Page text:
In the last thirty years, the United States has experienced a whirlwind of concentration among food suppliers. This elimination of competition is an urgent problem not only because consumers are faced with higher prices and less food choices in grocery stores, but also because the largest agribusinesses on Earth (“Big Ag”), as a result of their massive economic and political power, clog up the workings of our political system to the detriment of democracy and the planet.
Big Ag’s rising profits have been shown to be a driving force behind inflationary food prices again and again. A recent analysis by the White House explained that “If rising input costs were driving rising meat prices, those profit margins would be roughly flat, because higher prices would be offset by the higher costs.”
In addition to these already egregious displays of power and control, Big Ag also destroys the planet’s natural resources, violates existing labor laws, engages in atrocious and inhumane animal processing practices, and puts small farms out of business. Both the legal and economic arrangements that enable this behavior create an unfair political economy that’s immensely profitable and partial to large agribusinesses; these forces allow massive corporations like Monsanto, Tyson, Cargill, and John Deere to largely evade antitrust scrutiny.
As a result, Big Ag players garner enormous market power and uneven political clout, positioning themselves to create even more favorable legislation with which to entrench their dominance in each sector of agriculture, from beef to farming equipment to poultry to seeds.
It Begins on the Farm
An immediate example of Big Ag’s might is in farming equipment. Before the 1930s, over 160 companies sold farm equipment in response to growing industrialization and mechanization of farming. Through industry consolidation, however, John Deere emerged as the leading supplier of agricultural machinery in the United States. Today, John Deere stands alone as the dominant player, commanding roughly 53 percent of the market for large tractors and 60 percent for combines. From 2005 to 2018, John Deere acquired a staggering twelve companies that specialized in sectors ranging from farm equipment to precision technology.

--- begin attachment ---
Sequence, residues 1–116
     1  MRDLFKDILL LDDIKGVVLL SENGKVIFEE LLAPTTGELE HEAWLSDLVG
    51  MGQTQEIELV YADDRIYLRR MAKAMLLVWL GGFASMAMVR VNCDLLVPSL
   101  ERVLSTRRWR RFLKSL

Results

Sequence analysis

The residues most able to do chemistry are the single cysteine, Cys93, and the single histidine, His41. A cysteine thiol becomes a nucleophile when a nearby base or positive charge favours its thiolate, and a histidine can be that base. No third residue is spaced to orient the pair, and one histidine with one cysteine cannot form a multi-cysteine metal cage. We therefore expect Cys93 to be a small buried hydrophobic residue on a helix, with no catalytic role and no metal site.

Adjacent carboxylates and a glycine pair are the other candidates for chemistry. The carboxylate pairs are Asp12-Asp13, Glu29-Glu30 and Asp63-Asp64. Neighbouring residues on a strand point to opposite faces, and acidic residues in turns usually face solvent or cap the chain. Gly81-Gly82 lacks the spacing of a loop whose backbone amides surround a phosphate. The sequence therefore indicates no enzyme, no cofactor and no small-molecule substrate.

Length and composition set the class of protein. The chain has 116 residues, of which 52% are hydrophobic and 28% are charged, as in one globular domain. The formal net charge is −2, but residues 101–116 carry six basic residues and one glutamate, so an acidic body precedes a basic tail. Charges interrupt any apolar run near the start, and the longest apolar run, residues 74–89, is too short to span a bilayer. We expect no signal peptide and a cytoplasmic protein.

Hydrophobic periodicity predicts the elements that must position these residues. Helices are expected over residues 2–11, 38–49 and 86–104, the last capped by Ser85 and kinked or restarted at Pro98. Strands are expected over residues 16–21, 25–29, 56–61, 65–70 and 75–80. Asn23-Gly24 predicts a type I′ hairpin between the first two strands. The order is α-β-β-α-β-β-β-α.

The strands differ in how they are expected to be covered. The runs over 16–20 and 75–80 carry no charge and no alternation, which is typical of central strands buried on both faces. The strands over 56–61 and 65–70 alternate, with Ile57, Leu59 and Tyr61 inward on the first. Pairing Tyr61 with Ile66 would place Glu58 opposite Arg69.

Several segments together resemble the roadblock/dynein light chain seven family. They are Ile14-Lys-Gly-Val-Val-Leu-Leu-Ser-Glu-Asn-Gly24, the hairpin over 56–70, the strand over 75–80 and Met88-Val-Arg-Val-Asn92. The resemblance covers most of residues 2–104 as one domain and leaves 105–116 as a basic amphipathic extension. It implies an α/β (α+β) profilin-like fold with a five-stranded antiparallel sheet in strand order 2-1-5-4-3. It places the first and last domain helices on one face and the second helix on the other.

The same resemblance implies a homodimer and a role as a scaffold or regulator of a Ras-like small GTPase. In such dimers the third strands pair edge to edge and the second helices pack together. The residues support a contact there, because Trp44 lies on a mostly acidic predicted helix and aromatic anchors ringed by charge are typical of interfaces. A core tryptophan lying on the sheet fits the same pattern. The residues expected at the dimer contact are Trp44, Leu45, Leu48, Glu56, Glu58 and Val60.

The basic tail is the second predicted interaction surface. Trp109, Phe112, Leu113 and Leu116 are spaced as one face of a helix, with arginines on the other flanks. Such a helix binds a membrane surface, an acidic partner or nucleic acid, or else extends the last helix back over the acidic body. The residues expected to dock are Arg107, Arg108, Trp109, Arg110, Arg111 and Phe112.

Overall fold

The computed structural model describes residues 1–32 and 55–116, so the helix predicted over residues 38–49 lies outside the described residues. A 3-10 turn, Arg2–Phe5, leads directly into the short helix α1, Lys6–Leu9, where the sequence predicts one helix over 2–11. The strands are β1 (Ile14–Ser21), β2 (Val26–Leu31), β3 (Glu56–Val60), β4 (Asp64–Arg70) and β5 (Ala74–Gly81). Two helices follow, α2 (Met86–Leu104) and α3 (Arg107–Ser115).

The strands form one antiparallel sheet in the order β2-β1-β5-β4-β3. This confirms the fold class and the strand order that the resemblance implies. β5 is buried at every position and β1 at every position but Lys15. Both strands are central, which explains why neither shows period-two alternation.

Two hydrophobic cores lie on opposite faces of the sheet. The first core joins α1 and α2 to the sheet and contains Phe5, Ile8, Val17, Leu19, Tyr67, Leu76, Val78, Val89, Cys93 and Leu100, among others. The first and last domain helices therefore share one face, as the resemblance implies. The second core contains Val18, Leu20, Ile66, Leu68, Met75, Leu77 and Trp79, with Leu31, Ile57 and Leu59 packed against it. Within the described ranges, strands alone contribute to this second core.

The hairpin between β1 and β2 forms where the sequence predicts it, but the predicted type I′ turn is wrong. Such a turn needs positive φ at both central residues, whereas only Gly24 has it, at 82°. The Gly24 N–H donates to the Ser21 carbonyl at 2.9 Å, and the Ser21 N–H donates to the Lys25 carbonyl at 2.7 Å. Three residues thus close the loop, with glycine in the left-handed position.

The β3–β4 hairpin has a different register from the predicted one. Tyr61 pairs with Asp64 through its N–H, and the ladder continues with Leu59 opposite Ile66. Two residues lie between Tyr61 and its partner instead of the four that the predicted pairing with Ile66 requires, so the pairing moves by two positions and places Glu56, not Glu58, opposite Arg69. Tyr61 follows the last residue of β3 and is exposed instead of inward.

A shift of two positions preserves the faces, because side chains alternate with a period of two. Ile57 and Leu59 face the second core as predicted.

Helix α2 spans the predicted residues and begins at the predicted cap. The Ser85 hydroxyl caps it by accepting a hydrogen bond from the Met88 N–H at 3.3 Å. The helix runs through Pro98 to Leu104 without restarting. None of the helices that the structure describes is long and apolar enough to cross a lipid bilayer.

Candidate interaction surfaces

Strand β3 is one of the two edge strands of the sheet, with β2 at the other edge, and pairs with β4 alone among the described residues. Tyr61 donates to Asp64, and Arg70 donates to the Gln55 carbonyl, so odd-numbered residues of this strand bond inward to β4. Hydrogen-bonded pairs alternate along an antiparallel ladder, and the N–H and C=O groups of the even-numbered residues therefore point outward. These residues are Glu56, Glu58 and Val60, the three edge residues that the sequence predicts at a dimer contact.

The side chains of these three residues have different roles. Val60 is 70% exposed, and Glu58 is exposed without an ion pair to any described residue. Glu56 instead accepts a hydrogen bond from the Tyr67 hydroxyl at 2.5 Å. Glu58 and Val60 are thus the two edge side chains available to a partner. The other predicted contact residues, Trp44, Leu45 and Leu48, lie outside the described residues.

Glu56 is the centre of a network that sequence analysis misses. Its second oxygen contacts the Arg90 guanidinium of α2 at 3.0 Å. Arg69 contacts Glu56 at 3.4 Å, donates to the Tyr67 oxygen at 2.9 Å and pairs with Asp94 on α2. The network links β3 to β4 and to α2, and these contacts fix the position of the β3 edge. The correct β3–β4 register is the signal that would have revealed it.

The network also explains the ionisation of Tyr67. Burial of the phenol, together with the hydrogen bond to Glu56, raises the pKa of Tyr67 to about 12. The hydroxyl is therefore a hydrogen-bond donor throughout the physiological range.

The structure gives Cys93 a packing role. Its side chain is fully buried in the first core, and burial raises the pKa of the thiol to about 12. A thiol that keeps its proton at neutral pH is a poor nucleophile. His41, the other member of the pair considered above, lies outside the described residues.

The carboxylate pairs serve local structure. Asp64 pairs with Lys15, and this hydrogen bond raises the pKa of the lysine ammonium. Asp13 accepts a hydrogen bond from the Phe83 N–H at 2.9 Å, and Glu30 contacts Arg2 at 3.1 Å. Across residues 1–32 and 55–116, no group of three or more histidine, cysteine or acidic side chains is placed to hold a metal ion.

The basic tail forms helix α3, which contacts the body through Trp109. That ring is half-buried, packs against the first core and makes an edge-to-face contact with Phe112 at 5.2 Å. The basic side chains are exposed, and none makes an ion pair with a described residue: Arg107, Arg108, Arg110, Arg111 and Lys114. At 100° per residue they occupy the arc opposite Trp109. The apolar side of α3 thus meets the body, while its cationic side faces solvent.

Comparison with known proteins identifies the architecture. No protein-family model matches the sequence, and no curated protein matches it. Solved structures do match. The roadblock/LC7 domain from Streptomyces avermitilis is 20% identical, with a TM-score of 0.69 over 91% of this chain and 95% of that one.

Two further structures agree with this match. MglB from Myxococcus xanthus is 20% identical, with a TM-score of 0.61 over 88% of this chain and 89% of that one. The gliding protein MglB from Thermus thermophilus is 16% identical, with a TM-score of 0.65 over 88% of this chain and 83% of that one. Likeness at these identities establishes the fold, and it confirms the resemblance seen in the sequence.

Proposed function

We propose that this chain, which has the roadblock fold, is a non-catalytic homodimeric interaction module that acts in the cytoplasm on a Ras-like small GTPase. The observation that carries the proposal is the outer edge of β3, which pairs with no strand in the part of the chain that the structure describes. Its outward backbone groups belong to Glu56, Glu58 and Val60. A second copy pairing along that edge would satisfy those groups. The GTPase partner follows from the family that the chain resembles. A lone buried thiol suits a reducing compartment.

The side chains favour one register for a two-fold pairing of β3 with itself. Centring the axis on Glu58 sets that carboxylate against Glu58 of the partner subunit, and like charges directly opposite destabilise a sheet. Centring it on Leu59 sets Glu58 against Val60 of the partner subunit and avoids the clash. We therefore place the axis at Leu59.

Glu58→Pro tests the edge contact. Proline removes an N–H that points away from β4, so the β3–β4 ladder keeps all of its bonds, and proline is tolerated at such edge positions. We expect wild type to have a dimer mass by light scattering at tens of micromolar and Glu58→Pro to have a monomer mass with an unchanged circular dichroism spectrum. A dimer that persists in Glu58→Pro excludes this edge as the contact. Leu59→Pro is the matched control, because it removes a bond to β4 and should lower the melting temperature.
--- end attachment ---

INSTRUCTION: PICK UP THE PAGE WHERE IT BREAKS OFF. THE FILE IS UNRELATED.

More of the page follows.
In February, the Department of Justice filed six lawsuits in an effort to crack down on Deere’s monopoly power, engaging in a right-to-repair battle in four states. The lawsuits allege that Deere has illegally attempted to control the repair of Deere equipment, such as tractors and combines, using electronic-control units. The filing contends that the farming equipment giant and its dealerships monopolize the market for repair and maintenance services by designing proprietary Deere equipment, which requires Deere-controlled software for the diagnosis and maintenance functions. That software is exclusively available to technicians authorized by Deere. This arrangement leaves many independent shops and farmers beholden to Deere-authorized vendors when repairing their equipment. In this way, Big Ag poses a sort of private tyranny over those who have to rely on their equipment to make a living, and they are largely left unaccountable to the public and consumers.
The tentacles of Big Ag reach beyond equipment into our milk and meat supply. Industry concentration in dairy has led to fewer farms and more mega-dairy operations, diminishing the profits of small family farms. The beef industry similarly has become more heavily concentrated. Today, only four firms—Tyson, Cargill, JBS, and National Beef Packing Co.—control over 70 percent of the nation’s beef supply, and they processed roughly 85 percent of cattle in the United States in 2018.
The level of concentration occurred at such a breakneck pace since the 1980s that Department of Agriculture economists characterized this wave of mergers as “merger mania,” during which concentration soared from 35.7% in 1980 to 71.6% by 1990 in the beef packing sector.
For instance, through mergers in the agriculture industry, “the four largest meatpackers have increased their share of the market from 36% to 85%, and the largest four sellers of corn seed accounted for 85% of U.S. corn seed sales in 2015, up from 60% in 2000.
Due to the resulting power over consumers and input providers, these mega-corporations are doing better than ever. The level of concentration, and the control over factory farming that it grants, are partially responsible for Tyson Foods’ beef sales jumping to $5 billion in the first quarter of 2022, lifting overall sales to $12.93 billion. Tyson Foods realized over a billion dollars in new dividends and stock buybacks. Add this to the more than $3 billion already they paid out to shareholders since the pandemic. In beef processing, corporate profits skyrocketed by $96.9 billion in the third quarter of 2021 alone.